Signs of severe Prozac overdose include stiff muscles, uncontrollable muscle spasms, fast heart rate, trouble breathing, and even mania, coma, or death. 

You should also consult a medical professional if you develop worsening suicidal thoughts or symptoms of mental illness while taking Prozac. 

The best way to prevent a Prozac overdose is to use the drug only as directed by your physician and avoid mixing Prozac with any substance that can potentially contribute to an overdose.

Sources: 

https://www.healthline.com/health/can-you-overdose-on-prozac 

https://www.ncbi.nlm.nih.gov/pmc/articles/PMC2672257/ 

https://www.medicalnewstoday.com/articles/can-you-overdose-on-prozac 

Sesame Care

Find the best price for great doctors and specialists

  • Thousands of doctors and specialists
  • $13,000,000+ saved by patients
  • 95% patient satisfaction
  • 4.3 on TrustPilot
     

Popular Destinations

Health

Medication

Telehealth Reviews

Shop

Pharmacist Membership

About Us

Pharmacy Near Me

Recent Articles

Share On:

Subscribe To Our Newsletter

Get updates and learn from the best

More To Explore

Cerebral Review: Online Depression & Anxiety Treatment

Today, we’re deep diving with a Cerebral review to give you some insider info to help you narrow down your choices.

What are the signs of Depression?

In this article, we will discuss the signs and symptoms of depression as well as some treatment options for this condition.

Can You Use Gabapentin For Anxiety?

While Neurontin is the most common brand name for gabapentin, other forms (such as Horizant and Gralise) may be prescribed depending on the specific

Zoloft and Weight Loss: Everything You Need To Know

When it comes to Zoloft and weight loss, here’s everything you need to know.

What is Zoloft?

If you have been recently diagnosed with depression and are given Zoloft, you may want to know how the medication works, what common side

What is Venlafaxine HCL ER?

Common mental illnesses like major depressive disorder, generalized anxiety disorder, and panic disorder affect millions of Americans every year. While many different treatment options

Using Prozac With Alcohol: What Are the Risks?

Prozac has become perhaps the most well-known antidepressant in the United States since its approval for the treatment of depression in 1986. Since then,

How Long Does Clonazepam Stay in Your System?

Clonazepam is a popular medication that is most commonly associated with treatment for panic disorder, but the medication was originally developed as a treatment

What is Sertraline and What are the Side Effects?

Sertraline is the generic form of Zoloft, a medication that belongs to a class of drugs called selective serotonin reuptake inhibitors (SSRIs). SSRIs like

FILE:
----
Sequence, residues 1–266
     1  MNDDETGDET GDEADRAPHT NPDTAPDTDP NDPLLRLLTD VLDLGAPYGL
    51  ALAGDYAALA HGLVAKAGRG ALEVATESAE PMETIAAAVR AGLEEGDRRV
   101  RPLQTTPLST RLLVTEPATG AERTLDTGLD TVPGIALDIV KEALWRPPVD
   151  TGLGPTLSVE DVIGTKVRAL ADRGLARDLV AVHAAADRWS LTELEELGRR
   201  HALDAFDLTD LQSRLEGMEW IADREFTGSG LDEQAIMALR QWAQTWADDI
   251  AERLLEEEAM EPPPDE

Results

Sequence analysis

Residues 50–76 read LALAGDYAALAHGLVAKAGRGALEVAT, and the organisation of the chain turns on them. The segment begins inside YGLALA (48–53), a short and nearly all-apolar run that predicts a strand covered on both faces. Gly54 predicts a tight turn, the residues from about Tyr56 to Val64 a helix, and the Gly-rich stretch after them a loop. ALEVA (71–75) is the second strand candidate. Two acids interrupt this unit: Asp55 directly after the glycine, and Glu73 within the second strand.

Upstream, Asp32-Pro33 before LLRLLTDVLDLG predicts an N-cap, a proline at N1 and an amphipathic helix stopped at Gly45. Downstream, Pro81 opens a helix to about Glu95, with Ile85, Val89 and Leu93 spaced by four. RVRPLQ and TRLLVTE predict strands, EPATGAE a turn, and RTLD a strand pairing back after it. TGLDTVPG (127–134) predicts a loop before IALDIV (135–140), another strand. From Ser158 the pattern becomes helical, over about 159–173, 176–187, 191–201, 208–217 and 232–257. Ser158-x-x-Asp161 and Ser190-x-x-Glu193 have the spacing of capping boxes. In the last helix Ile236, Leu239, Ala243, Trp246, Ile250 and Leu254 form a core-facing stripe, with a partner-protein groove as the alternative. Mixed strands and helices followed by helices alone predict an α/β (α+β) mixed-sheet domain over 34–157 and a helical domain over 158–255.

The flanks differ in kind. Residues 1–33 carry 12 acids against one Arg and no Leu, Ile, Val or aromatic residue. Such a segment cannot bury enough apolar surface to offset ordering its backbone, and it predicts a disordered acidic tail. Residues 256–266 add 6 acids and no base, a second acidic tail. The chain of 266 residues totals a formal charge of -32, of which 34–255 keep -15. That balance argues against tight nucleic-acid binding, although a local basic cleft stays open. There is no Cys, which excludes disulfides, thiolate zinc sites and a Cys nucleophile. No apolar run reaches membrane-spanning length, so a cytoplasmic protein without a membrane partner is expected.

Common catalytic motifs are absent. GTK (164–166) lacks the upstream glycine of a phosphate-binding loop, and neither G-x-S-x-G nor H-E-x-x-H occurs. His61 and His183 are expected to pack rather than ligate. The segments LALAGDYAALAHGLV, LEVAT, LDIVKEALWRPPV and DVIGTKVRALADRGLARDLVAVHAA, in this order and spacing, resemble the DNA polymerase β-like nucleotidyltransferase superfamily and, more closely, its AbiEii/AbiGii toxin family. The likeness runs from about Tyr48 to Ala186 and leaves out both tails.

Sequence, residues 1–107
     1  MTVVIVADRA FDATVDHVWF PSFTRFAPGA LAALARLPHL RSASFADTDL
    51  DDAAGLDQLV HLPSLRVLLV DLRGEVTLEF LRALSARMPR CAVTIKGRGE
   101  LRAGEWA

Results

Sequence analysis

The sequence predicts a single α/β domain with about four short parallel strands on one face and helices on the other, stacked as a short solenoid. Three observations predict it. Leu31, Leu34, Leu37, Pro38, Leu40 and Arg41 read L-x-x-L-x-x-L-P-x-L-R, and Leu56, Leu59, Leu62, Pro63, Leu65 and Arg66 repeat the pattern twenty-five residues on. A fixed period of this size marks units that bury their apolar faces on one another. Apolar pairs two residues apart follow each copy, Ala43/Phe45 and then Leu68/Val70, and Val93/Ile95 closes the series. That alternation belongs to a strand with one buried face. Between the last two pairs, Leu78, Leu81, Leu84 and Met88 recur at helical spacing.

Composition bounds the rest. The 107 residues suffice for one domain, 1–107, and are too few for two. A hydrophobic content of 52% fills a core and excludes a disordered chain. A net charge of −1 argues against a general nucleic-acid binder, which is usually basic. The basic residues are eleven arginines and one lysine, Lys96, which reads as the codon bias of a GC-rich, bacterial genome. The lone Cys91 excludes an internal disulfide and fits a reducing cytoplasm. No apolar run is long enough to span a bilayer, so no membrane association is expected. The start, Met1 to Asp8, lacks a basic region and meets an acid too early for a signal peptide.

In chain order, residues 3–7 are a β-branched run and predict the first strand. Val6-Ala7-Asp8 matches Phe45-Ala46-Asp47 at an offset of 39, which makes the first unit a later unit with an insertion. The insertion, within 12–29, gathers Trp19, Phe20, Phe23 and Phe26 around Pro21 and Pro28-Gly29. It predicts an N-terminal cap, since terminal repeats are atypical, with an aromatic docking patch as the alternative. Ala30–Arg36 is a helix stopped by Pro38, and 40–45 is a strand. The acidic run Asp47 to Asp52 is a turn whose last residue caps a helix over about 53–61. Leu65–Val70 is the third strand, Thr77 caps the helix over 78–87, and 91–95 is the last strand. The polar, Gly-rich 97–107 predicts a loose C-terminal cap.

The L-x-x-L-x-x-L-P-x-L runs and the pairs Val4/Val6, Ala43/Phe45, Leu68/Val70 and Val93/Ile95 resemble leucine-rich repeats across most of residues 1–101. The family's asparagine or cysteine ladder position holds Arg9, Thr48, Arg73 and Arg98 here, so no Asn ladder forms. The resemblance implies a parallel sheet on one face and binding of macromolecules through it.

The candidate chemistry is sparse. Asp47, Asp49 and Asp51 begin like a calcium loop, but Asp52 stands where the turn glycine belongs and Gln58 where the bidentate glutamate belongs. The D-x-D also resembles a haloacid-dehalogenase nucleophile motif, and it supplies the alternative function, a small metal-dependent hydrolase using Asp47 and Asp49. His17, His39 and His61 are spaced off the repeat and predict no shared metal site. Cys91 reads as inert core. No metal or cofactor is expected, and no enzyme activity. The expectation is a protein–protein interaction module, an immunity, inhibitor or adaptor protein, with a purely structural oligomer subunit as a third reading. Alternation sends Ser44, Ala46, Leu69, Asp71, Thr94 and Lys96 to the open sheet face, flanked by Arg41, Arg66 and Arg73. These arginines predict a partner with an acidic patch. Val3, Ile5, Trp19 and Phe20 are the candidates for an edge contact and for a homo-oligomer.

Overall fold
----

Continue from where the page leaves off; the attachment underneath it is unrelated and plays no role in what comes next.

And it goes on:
Turn On, Tune In, and…. Heal Your Brain? Psychedelics Return as Potential Therapy for Mental Health Disorders

Before they fell out of favor over half a century ago, psychedelic drugs, like psilocybin and LSD, were studied for various psychiatric diseases such

How Long Does Alprazolam Stay in Your System?

Alprazolam is a fast-acting medication, but exactly how long alprazolam stays in your body varies tremendously based on the form of the medication taken,

Paxil vs Zoloft: Differences, Similarities and Which is Better

Paxil and Zoloft are both popular Food and Drug Administration (FDA)-approved antidepressants that are used to treat a wide range of mental health conditions.

A Supplement for Stress? The Science Behind Adaptogens

Stress is part of all our lives. Adaptogens are a group of herbal supplements studied throughout history as a way to improve the body’s

Does Buspirone Cause Weight Gain?

Many antidepressants can cause weight gain as a side effect. Buspirone may cause an altered appetite as a side effect, which can lead to

Duloxetine Withdrawal: Symptoms, Timeline, and Treatment

Duloxetine withdrawal is very common and well documented, affecting nearly half of all patients. Common withdrawal symptoms include dizziness, headaches, and nausea, and symptoms

Cymbalta vs. Prozac: Comparison Guide

Cymbalta and Prozac are commonly prescribed medications to treat mental health conditions such as major depressive disorder. The medications are similarly effective, although one

How Long Does Ativan Stay in Your System?

Ativan is a commonly prescribed prescription drug that is used by millions of Americans for anxiety, insomnia, and seizure disorders. It is the brand

Why is Mental Health Important?

As the saying goes, “There is no health without mental health,” but why is mental health so important? The reality is that although we

BuSpar: What is it? Uses, Costs, Benefits, and Doses

If you’re one of 40 million American adults suffering from an anxiety disorder or experiencing symptoms of anxiety, you might think that your battle

What are Long-Acting Injectable Antipsychotics? 

Long-acting injectable (LAI) antipsychotics have been shown to prevent psychosis relapse in patients with schizophrenia. To combat poor medication adherence, LAIs are a great